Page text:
Sunday, February 24, 2013

My yarn from The Memory Tree and Yarn Branch

Here is the yarn I got yesterday from The Memory Tree and Yarn Branch.  It is all soooo yummy, I can't wait to knit with it.

First up, this beautiful lace weight from Grignasco Knits, Merinosilk 25.  I typically do not go for green at all, but this pastel was irresistible!
I am going to have to go through my Walker Treasury books to find something to do this yarn justice.

Next - I have some angora yarn in my stash, however it all has a bit of nylon as well.  This Angora from Plymouth is 100% angora; I have searched and searched for a 100% angora and have never found it.  Until yesterday!  Let me tell you, it is nothing short of exquisite!
No better place for this yarn than right next to you.  I plan on using this for a cowl.  

Here is some super squishy yarn from Plymouth, which I have only ever found online.  I couldn't resist buying this yesterday when I felt it.  Mushishi!
This wonderful yarn is most likely going to be a shawl.  I do love my shawls!  The only hard part will be deciding whether or not to work it top down or bottom up.

Next, some more Plymouth yarn.  This is Taria Tweed, which I have never seen before, so thought I would give it a try.
I think this is going to make another lovely shawl for me.  

And finally, Lustra from Berroco.  This is very much like the Mulberry Silk I purchased at a knitting and crochet festival last year.  It is soft, smooth, smooshy and wonderful!
This will probably turn into a cowl.  I know it will be so soft and silky, and great for wearing next to the skin.  Yummy!

The Memory Tree and Yarn Branch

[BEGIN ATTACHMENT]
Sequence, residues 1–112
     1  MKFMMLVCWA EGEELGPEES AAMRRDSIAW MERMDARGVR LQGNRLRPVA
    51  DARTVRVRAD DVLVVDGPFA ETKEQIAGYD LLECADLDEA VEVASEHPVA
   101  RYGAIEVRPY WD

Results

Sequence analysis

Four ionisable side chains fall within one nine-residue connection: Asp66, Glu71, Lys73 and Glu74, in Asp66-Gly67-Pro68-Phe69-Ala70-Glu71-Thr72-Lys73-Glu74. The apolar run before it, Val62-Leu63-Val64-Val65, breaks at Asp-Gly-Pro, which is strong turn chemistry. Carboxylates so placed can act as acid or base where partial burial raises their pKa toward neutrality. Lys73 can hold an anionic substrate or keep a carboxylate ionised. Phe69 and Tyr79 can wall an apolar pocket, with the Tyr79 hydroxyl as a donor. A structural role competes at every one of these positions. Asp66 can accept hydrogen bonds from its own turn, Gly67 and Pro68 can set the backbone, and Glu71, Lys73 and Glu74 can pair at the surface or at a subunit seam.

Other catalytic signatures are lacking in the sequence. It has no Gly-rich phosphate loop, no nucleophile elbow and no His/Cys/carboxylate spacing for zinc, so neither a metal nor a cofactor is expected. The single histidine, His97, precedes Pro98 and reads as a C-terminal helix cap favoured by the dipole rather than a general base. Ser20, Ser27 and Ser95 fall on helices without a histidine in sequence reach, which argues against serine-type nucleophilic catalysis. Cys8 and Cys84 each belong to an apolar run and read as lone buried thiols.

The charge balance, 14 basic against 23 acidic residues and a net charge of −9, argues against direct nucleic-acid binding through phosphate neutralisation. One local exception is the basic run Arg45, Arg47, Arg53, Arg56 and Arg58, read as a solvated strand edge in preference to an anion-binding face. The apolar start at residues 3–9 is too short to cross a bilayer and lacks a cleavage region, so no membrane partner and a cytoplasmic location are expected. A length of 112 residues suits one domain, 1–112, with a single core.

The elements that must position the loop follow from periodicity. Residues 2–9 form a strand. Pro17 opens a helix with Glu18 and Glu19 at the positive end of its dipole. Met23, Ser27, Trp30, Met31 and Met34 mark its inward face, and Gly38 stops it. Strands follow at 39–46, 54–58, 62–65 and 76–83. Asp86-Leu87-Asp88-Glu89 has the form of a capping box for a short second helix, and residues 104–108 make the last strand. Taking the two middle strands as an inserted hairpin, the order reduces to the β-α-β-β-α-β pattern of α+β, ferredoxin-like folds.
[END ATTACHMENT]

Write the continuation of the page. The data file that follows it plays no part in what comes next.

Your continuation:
Yesterday I visited a little shop called The Memory Tree and Yarn Branch.  This shop is located at 1015 Chess Street, Monongahela, PA.  Currently you can buy yarn and knit/crochet notions and items for scrap booking here.

This shop is owned by the sweetest little old lady, Dorothy.  It was very nice to chat with her a bit while I was there, and I look forward to going back!

Dorothy plans on eliminating the scrap book part of the store, and providing only yarn; she also plans on providing a selection of buttons.

Some of the yarns you can find here are Patons, Bernat, and Berroco, among others.  I was so very tempted to purchase the interchangeable set of Knit Picks needles I saw, but managed to hold back.

You can also get a Marvelous Memory Card, which receives a number of punches depending on the amount of money spent.  Once you hit the $200 mark, you get $10 in Memory Money!

The Memory Tree and Yarn Branch is a great little store - if you live in the area, or if you don't live in the area, but happen to be passing through, I recommend you stop by and visit Dorothy, and buy some of the wonderful yarn she carries.

Here is the yarn I got from Dorothy yesterday. Click HERE.

Thursday, February 14, 2013

Knitted Fringe

I have seen a number of knitted fringe instructions in old books, and finally decided to give one a try.  At first, I couldn't imagine how this would work out, but of course it does!  It's a little bit of knitted magic.

You can use any yarn and needles you like.

Cast on 8

*K2, YO, K2tog*

Just repeat this for every row, until the fringe is as long as you like.  Then, bind off five stitches.  Cut the yarn and pull the tail through.  You will have some stitches just hanging around on the left needle - these will turn into the fringe.  Slide the remaining stitches off the needle, and unravel them.

You can then attach your fringe to knitted or crochet items.  You can sew the fringe on with a tapestry needle, or attach it with a crochet hook and single crochets.  I attach mine with a crochet hook in the video below.  You can hold your fringe and the item you are attaching it to with right sides together, so the crochet seam is on the back, or you can hold them wrong sides together, and the seam can be used as a decorative element.

I suppose you could even make the fringe on some fine crochet cotton, and sew it on with a regular needle and thread.  I think this would look so pretty as a decoration on a pillowcase, or maybe some nice dinner napkins.